Re: “When our food system fails, who pays the price?” (The Hill Times, July 23, p. 14). This oddly circuitous piece is misleading. It seems like yet another attempt to cut down the hard work of Canadian farmers, their excellent management practices, and their ability to earn a fair wage for their work.
The piece also appears to call into question the very system that allows the implementation of effective, science-based welfare and food-safety programs on every chicken farm across Canada. No other programs can achieve this reach.
The Animal Care Program, for example, is a mandatory, enforced, and third-party-audited program that has a credible, science-based foundation. It includes standards found in the Code of Practice developed by the National Farm Animal Care Council (NFACC). The NFACC is a world leader in bringing together stakeholders with different perspectives—farmers, veterinarians, processors, transporters, animal welfare associations, researchers, and provincial and federal governments—to develop robust and sound codes of practice. The process involves a full scientific review, which is used to draft the code that then undergoes a public consultation process. In this way, all Canadians have an opportunity to contribute to the final code.
As for trade, Canada has successfully negotiated many free trade agreements that have secured greater market access for other sectors. Over the years, Canada has negotiated 14 bilateral or regional trade agreements that include 51 countries, while maintaining supply management. We are confident that the government and Canadians will continue to support Canadian farmers and ensure that supply management is maintained through the NAFTA negotiations.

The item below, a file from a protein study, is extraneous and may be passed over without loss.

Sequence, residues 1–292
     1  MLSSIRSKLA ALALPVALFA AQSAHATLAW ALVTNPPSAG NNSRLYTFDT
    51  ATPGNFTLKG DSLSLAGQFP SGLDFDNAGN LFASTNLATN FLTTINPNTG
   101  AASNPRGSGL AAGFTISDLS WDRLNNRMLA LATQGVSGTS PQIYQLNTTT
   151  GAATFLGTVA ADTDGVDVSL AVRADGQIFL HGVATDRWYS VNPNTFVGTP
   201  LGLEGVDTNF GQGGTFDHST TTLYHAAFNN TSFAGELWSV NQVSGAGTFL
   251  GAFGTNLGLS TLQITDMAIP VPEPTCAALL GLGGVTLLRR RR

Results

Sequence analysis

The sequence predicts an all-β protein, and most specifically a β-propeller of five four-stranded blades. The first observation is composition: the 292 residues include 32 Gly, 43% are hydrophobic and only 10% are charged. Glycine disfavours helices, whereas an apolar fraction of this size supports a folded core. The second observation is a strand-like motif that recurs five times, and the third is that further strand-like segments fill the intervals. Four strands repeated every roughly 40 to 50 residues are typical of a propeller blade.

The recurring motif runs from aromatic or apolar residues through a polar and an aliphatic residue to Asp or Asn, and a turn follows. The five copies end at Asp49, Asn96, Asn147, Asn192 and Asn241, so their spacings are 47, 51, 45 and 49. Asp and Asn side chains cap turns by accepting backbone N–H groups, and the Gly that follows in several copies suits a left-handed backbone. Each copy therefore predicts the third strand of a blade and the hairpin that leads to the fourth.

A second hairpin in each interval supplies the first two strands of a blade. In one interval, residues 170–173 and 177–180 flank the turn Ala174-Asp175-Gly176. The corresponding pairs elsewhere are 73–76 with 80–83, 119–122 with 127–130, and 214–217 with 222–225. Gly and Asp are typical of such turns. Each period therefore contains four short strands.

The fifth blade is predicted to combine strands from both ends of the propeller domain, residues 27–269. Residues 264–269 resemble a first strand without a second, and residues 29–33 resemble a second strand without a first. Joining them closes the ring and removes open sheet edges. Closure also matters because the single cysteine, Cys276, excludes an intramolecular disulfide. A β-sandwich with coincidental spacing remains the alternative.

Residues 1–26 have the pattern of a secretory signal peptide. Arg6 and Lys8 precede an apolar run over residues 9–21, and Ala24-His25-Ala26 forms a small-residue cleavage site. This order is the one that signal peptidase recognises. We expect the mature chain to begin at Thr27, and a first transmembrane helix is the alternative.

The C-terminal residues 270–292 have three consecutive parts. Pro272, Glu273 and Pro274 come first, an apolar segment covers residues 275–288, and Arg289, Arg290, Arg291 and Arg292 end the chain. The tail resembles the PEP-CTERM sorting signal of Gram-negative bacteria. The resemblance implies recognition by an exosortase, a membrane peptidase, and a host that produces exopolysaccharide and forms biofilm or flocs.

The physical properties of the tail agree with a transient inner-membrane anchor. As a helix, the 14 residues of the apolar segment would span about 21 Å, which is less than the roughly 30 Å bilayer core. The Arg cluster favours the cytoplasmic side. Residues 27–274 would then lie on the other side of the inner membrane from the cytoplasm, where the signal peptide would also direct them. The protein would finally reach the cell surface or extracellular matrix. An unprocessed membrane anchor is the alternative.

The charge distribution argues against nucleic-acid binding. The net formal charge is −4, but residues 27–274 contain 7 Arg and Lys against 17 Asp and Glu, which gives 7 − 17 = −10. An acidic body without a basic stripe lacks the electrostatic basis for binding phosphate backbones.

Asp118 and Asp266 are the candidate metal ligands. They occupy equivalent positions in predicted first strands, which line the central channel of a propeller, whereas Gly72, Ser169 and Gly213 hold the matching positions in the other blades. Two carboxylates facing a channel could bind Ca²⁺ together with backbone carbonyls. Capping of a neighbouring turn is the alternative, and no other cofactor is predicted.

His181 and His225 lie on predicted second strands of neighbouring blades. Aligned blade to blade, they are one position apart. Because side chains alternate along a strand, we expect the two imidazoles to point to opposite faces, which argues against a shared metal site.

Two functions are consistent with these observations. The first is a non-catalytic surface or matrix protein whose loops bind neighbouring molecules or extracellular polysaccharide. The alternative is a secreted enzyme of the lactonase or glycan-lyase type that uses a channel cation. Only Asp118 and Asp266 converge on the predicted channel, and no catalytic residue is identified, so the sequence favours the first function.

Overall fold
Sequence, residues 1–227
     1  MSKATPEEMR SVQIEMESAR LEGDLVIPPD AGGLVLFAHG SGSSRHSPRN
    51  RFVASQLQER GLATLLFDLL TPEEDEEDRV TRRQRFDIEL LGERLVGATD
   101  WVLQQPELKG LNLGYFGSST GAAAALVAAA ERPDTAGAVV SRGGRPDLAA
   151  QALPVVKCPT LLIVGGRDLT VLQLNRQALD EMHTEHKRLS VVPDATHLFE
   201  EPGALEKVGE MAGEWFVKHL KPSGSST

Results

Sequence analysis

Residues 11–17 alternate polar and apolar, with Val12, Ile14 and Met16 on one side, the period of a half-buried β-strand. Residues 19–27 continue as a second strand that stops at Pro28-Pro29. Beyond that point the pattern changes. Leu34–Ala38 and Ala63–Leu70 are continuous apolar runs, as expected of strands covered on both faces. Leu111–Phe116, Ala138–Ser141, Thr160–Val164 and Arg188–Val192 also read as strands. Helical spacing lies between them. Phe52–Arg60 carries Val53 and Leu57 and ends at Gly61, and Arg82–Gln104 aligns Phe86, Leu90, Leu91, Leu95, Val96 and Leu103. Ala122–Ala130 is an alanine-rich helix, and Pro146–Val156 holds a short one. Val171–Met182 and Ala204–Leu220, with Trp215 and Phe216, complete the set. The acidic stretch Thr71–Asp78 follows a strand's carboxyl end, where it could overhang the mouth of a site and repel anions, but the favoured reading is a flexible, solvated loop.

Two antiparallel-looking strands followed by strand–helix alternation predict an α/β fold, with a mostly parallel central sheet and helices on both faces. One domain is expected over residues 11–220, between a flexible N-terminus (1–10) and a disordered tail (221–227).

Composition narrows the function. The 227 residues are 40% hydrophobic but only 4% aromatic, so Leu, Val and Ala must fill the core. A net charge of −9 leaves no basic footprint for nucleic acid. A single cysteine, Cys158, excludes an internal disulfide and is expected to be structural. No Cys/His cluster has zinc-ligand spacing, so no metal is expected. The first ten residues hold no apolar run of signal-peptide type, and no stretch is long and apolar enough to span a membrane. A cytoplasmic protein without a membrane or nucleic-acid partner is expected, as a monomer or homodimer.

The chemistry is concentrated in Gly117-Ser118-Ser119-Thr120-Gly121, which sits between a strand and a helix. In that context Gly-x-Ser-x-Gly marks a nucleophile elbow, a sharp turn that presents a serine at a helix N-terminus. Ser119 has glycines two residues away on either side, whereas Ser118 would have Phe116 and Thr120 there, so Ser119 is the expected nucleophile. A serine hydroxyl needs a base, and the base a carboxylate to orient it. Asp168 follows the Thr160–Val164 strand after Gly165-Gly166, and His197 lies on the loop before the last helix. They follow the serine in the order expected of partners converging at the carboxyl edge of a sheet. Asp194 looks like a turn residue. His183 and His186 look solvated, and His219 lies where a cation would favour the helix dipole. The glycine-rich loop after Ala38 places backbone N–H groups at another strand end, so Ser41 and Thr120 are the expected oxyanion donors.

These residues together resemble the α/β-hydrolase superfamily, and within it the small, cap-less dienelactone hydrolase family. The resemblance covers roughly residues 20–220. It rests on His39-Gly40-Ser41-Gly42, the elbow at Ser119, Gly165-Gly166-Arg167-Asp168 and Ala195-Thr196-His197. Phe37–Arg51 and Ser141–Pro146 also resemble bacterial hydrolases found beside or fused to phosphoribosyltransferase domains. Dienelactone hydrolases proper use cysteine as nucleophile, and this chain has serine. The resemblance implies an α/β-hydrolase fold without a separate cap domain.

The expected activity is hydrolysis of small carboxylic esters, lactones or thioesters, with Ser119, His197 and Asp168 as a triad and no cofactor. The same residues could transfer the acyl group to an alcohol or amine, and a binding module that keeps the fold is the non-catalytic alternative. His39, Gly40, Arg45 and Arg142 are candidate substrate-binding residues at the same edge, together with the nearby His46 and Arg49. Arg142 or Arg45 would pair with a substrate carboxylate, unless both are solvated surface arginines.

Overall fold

Despite what’s suggested in the piece, supply management works well; Canada’s chicken sector continues to grow; chicken is Canada’s top protein choice, and consumption levels have increased by more than 33 per cent in the last 20 years.
Regarding the question about how Canadians feel about supply management, we can point to a recent Leger research study that highlights:
We all buy food for our own reasons, and Canadians have a lot of choice. The point is: farmers are ready to adapt to a changing Canadian palate—but not when the changes are driven by those pretending to seek changes in the best interests of animal welfare, when they’re really trying to destroy the livelihoods of Canada’s farmers, and dictate to Canadians what they can and can’t eat.
Chicken Farmers of Canada